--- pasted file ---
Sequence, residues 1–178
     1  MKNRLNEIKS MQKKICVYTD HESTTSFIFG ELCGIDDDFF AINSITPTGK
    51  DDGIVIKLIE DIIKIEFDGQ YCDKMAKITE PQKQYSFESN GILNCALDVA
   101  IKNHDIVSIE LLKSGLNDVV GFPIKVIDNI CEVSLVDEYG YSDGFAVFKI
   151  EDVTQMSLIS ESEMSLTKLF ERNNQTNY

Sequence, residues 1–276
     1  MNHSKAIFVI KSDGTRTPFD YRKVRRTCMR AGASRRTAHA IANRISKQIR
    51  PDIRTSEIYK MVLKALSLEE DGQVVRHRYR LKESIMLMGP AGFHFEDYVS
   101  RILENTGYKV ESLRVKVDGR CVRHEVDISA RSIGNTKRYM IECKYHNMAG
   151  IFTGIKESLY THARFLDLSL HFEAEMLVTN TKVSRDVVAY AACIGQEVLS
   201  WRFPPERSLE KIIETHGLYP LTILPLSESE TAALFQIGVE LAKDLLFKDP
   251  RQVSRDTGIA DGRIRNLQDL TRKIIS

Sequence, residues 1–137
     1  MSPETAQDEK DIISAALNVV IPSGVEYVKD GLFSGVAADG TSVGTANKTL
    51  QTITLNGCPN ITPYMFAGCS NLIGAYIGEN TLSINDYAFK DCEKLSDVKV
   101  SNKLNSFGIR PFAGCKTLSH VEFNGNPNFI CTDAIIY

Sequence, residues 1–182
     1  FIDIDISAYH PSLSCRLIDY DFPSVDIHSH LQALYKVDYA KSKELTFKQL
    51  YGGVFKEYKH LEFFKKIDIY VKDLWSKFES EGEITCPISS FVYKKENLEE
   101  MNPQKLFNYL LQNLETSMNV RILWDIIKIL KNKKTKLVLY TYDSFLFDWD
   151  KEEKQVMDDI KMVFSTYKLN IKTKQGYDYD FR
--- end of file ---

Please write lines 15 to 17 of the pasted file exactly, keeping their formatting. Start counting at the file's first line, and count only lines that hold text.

    51  QTITLNGCPN ITPYMFAGCS NLIGAYIGEN TLSINDYAFK DCEKLSDVKV
   101  SNKLNSFGIR PFAGCKTLSH VEFNGNPNFI CTDAIIY

Sequence, residues 1–182